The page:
Anhydrous borax with a grind size of 400 mesh was mixed at a rate of 2.5 grams in 10 grams of ethylene glycol butyl ether (EGBE), along with 0.02 grams of hydroxypropyl cellulose (HPC) polymer. No borax hydrate or polyol was added.
The above crosslinker slurry was mixed in a Waring blender at a ratio of 1:1000 with 3.6 kg/m3 guar and deionized (DI) water at 21-23° C. An aqueous solution of 30% sodium hydroxide was also added at a 1:1000 ratio. The resulting vortex close time was (minutes:seconds) 9:30.
The same compositions under the same conditions were tested as in Example 1A, with the exception that the crosslinker slurry was mixed with the guar at a ratio of 2:1000, rather than 1:1000. In this test, the resulting vortex close time was 4:40, indicating that gel time can decrease with higher crosslinker concentrations.
The same compositions under the same conditions were tested as in Example 1A, with the exception that the anhydrous borax grind size was 200, rather than 400. In this test, the resulting vortex close time was found to be 11:30, indicating a positive correlation between gel time and boron-mineral particle sizes, i.e. larger particle sizes increase the gel time.
The same compositions under the same conditions were tested as in Example 1B, with the exception that 1.25 grams of sorbitol were added. In this test, the resulting vortex close time was 4:45, indicating that the presence of polyol can delay gel time.
The same compositions under the same conditions were tested as in Example 3A, with the exception that the final mixing temperature was 29° C., rather than 21-23° C. In this test, the resulting vortex close time was found to be 2:40, indicating a negative correlation between gel time and temperature in this range, i.e. higher temperatures reduce gel time.
The same compositions under the same conditions were tested as in Example 1B, with the two exceptions: 1.88 grams of anhydrous borax was added, rather than 2.5, and 0.62 grams of borax hydrate (borax*10H2O) was added. The combined weight of anhydrous borax plus borax hydrate in Example 4 is thus 2.5 grams, the same as the weight of anhydrous borax in Example 1B. In this test, the resulting vortex close time was found to be 2:15, indicating that replacing a portion of anhydrous borax with borax hydrate can decrease gel time.
The same compositions under the same conditions were tested as in Example 1B, with the following exceptions: 20 grams of EGBE were added, rather than 10; 5 grams of anhydrous borax were added, rather than 2.5; grind size was a 400/200 mixture, rather than 400; and 0.04 grams of HPC were added, rather than 0.02. In this test, the resulting vortex close time was 8:45. Because EGBE, anhydrous borax and HPC were used at twice the quantities in Example 1B, the much longer gel time of Example 5 may be due to the much larger grind size of the anhydrous borax.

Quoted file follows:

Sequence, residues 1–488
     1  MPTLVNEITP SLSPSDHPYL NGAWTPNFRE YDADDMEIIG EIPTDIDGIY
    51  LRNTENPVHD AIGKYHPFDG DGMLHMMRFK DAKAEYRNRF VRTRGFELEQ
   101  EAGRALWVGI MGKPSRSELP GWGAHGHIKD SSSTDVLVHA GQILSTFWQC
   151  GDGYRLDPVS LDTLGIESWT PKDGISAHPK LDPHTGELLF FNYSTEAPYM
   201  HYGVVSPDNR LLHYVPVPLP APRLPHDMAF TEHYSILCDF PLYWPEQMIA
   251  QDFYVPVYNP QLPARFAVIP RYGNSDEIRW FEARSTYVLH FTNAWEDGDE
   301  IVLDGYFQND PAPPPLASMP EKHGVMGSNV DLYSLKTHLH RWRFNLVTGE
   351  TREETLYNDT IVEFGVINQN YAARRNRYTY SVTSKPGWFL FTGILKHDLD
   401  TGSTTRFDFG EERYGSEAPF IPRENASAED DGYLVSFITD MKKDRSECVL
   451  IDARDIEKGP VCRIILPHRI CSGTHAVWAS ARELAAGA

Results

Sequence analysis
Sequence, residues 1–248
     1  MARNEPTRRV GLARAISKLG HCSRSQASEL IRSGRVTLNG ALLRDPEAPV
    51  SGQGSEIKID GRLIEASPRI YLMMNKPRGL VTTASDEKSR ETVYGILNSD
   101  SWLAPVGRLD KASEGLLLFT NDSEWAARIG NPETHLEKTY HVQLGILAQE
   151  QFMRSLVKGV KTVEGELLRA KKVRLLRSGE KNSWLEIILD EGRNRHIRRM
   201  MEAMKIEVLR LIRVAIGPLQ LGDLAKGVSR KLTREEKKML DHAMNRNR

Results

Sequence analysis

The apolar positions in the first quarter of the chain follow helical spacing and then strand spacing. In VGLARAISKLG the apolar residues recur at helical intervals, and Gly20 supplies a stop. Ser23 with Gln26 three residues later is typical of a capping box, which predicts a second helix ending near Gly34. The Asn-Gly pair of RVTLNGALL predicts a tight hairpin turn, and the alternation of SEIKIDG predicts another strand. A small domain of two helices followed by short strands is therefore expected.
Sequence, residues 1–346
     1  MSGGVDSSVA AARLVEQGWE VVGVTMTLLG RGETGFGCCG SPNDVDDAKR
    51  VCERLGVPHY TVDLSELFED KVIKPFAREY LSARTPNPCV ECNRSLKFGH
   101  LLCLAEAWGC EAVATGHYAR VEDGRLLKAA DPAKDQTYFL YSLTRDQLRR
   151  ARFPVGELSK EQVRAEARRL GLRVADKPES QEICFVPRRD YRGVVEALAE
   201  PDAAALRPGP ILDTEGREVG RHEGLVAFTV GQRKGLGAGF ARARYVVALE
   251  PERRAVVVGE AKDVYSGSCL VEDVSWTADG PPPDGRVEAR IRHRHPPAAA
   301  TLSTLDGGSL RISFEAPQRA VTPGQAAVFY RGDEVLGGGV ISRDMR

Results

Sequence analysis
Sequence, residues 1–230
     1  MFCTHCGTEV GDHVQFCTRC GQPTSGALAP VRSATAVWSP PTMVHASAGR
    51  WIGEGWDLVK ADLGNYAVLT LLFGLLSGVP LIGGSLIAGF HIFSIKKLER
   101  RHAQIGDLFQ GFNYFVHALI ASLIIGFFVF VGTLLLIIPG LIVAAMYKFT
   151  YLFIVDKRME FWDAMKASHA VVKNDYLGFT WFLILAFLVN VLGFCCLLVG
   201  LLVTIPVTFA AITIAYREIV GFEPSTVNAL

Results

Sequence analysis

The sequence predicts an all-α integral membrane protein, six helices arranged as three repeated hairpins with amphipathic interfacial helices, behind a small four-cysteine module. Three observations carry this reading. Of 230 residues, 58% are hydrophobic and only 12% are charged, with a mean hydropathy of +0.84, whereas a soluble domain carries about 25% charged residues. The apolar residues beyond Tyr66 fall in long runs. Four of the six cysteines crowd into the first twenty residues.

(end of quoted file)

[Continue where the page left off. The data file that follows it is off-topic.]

From these findings, it can be observed that factors that affect gel times include: crosslinker concentration, boron-mineral particle size, polyol, temperature, and the use of multiple boron-mineral components.
Each of the patents, publications and other references mentioned herein are hereby incorporated herein by reference in their entirety for the purpose of US patent practice and other jurisdictions where permitted.
Although the methods have been described here for, and are most typically used for, hydrocarbon production, they may also be used in injection wells and for production of other fluids, such as water or brine. The particular embodiments disclosed above are illustrative only, as the invention may be modified and practiced in different but equivalent manners apparent to those skilled in the art having the benefit of the teachings herein. Furthermore, no limitations are intended to the details herein shown, other than as described in the claims below. It is therefore evident that the particular embodiments disclosed above may be altered or modified and all such variations are considered within the scope and spirit of the invention. Accordingly, the protection sought herein is as set forth in the claims below.
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|U.S. Classification||507/261, 507/273, 507/269, 507/266|
|International Classification||C09K8/68, C09K8/60, C23G1/06, C09K8/74|
|Dec 11, 2006||AS||Assignment|
Owner name: SCHLUMBERGER TECHNOLOGY CORPORATION, TEXAS
Free format text: ASSIGNMENT OF ASSIGNORS INTEREST;ASSIGNOR:PARRIS, MICHAEL D.;REEL/FRAME:018610/0693
Effective date: 20061103
|Dec 3, 2014||FPAY||Fee payment|
Year of fee payment: 4